We reached the White Summit Pass and the international border with the flags of Alaska, US, Canada, BC and YT. At one time, the NWMP had a small cabin there which 5 of the NWMP occupied…..a bit crowded I would say. Hope they got along!

Now, after seeing so much and hearing about the Dead Horse Gorge where the horses were treated poorly and lost their lives due to cruelty, mosquitoes and starvation, it was time to turn around and go back to the station in Skagway.

As Tim said, it is “Mandatory Seat Exchange” time. This gave all of us a chance to see the other side of the tracks. That was a great suggestion as we all switched sides.

The real Rod provided a partial moon to passengers on a passing train.

I happened to question Tim about a small body of water that I saw on my new side. He did not know the name of it but said it could be called the Marilyn River. Of course, that sounded good to me and right next to it is a dilapidated wood structure which I believe I can make into a gift store. Y’all come and shop, ya hear!

Tim and Emily said that we are a very enthusiastic group. Mike and I do agree with that.

Oops…how could I forget to include our wonderful dinner last night at Olivia’s?

Thanks again to Jon and Teri for the wonderful wines and beer and organizing the get together.

It was a great ending to a fun filled day with lots of laughter and conversation.

Submitted by Mike and Marilyn, Rig #13

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Day 51 – Skagway, Alaska

The day started early today. We left the RV Park at 7:25 am headed for the harbor to board our boat. The captain, Glen Jacobsen, and his deck hand, daughter Anna, were ready to cast off immediately. They had the coffee on and other beverages available.

We left the harbor a little earlier than scheduled which gave us additional time for wildlife viewing. Captain Glen had seen some humpback whales on his way into Skagway harbor to pick us up so he took us to the place he had sighted them earlier. We were fortunate enough to find them again.

I managed to get this picture of the whale tale (fluke) as it was diving. We then headed south toward Haines to pick up a few more passengers.

After we picked up the new passengers we continued our trip south toward Juneau. The scenery was just beautiful as you can see in the following pictures.

The captain guided us to see Eagles as we passed.

When we arrived in Juneau, there was a bus waiting to take us to the downtown area. Unfortunately, it was really raining quite a bit so the time in downtown Juneau wasn’t a much fun as it could have been. Many of the group stopped for lunch at the Red Dog Saloon. I have included some picture of downtown Juneau, which is really devoted to tourists and cruise ships. Filled with gift and jewelry shops.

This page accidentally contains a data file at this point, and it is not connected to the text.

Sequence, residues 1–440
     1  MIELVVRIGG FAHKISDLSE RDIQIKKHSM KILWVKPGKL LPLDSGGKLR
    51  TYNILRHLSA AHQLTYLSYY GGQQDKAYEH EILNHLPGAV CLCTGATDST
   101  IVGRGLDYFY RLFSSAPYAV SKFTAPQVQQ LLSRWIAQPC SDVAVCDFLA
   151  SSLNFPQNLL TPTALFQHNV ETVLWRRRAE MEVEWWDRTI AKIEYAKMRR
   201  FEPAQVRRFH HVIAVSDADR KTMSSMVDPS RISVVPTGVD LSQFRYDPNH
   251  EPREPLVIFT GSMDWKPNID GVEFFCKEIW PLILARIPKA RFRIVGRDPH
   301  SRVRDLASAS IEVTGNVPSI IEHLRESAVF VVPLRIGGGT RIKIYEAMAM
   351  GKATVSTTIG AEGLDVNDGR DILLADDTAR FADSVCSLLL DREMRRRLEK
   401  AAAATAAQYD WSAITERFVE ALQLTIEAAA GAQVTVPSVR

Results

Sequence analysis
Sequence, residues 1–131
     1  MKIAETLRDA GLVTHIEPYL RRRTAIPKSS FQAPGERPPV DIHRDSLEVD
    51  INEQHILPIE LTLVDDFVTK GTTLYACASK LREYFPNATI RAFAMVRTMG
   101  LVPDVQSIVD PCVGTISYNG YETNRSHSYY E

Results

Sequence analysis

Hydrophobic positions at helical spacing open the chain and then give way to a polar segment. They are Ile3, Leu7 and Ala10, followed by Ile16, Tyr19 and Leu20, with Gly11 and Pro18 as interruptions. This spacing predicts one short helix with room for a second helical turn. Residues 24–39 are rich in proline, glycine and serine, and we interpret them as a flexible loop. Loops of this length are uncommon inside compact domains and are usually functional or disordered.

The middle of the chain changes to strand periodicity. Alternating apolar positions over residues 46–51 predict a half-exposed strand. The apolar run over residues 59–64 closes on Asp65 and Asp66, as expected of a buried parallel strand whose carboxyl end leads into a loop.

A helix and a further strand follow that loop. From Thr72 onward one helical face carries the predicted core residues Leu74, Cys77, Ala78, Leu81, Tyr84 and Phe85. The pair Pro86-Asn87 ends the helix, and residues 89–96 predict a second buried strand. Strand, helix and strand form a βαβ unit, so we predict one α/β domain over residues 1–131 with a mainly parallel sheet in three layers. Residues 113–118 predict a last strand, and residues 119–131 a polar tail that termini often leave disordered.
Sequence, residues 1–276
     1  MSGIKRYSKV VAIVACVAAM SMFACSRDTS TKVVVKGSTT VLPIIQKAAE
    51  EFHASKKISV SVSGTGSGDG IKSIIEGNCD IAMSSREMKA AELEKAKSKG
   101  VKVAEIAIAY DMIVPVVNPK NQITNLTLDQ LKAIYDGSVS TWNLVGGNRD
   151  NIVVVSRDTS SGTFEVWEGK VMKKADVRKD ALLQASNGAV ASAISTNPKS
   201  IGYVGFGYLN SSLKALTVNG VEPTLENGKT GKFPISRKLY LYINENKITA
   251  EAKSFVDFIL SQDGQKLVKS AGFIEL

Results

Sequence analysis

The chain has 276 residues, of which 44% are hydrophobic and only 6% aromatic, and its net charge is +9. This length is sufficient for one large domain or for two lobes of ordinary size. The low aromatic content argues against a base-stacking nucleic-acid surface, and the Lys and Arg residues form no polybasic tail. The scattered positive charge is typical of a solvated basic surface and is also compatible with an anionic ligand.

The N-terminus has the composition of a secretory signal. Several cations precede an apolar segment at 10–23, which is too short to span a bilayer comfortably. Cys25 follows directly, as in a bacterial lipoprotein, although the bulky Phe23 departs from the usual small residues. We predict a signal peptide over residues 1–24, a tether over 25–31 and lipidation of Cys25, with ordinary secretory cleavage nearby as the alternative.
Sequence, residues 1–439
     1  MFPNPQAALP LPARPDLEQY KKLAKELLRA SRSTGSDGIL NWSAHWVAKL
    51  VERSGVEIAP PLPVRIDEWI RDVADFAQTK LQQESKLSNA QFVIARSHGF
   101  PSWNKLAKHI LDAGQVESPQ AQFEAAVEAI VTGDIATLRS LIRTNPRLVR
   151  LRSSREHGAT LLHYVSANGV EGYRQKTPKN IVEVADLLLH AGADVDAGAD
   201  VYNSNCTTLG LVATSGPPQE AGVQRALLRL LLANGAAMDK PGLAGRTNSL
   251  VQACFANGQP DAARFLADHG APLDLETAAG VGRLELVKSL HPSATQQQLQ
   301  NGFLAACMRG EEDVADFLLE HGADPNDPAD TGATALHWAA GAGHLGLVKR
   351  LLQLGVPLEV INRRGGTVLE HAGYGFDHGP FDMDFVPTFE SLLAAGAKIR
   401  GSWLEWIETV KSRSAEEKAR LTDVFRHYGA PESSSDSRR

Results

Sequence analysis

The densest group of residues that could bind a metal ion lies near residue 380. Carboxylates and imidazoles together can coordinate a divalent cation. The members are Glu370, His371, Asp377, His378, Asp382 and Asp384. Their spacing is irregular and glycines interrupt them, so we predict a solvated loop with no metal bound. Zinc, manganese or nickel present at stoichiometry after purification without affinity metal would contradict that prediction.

After our walk in the rain, we were taken to Mendenhall Glacier to the visitors’ center. The glacier and icebergs were pretty impressive.

We hoped to see a bear fishing but that was unsuccessful. I did get a pretty good picture of the salmon trying to get upstream to spawn.

After the visit to the glacier, we got back aboard the boat and headed back toward Skagway. Evidently the captain had been scouting the waters while we were ashore and he took us back out to where he had found humpback whales. The whales were very close and we all got some great pictures.

We finally returned to Skagway about 8:45 pm and a tired group of RVers got back in their vehicles an headed back to the RV Park.

Submitted by Ernest & Jackie, Rig #12

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Day 50 – Skagway, Alaska

WOW, another beautiful day in Alaska. Sunny, temp is/was perfect. We are all gonna be spoiled. It is Wed and a free day. What to do?

Many had scheduled to do the ZIP line. Those that had done it before highly recommended it. Some would be aerialists got hung up and had to be rescued. Another bumped his nose. All is told they all had a great time.

How do I ZIP this?

Then it was others. The cars and RVs were extremely filthy from oh, I don’t know, the roads. So the many armed themselves with buckets, hoses, rags, brushes and whatever else they could find and began the arduous task of delousing their RVs and vehicles. Still others fixed a mired of problems.

Problems, problems, problems, did I mention problems

Wash away all my troubles.

The rigs aren’t the only thing that gets dirty.

The free days aren’t so free after all. Maybe later we will be able to see the town of Skagway. We did, we did , we did. It is really neat. There are several cruise ships here and a lot of people.

Maybe tomorrow we will be able to rest after all we go on a 12-14 hour excursion to Juneau via a boat. How tiring can that be?

Submitted by Larry and Linda, Rig #11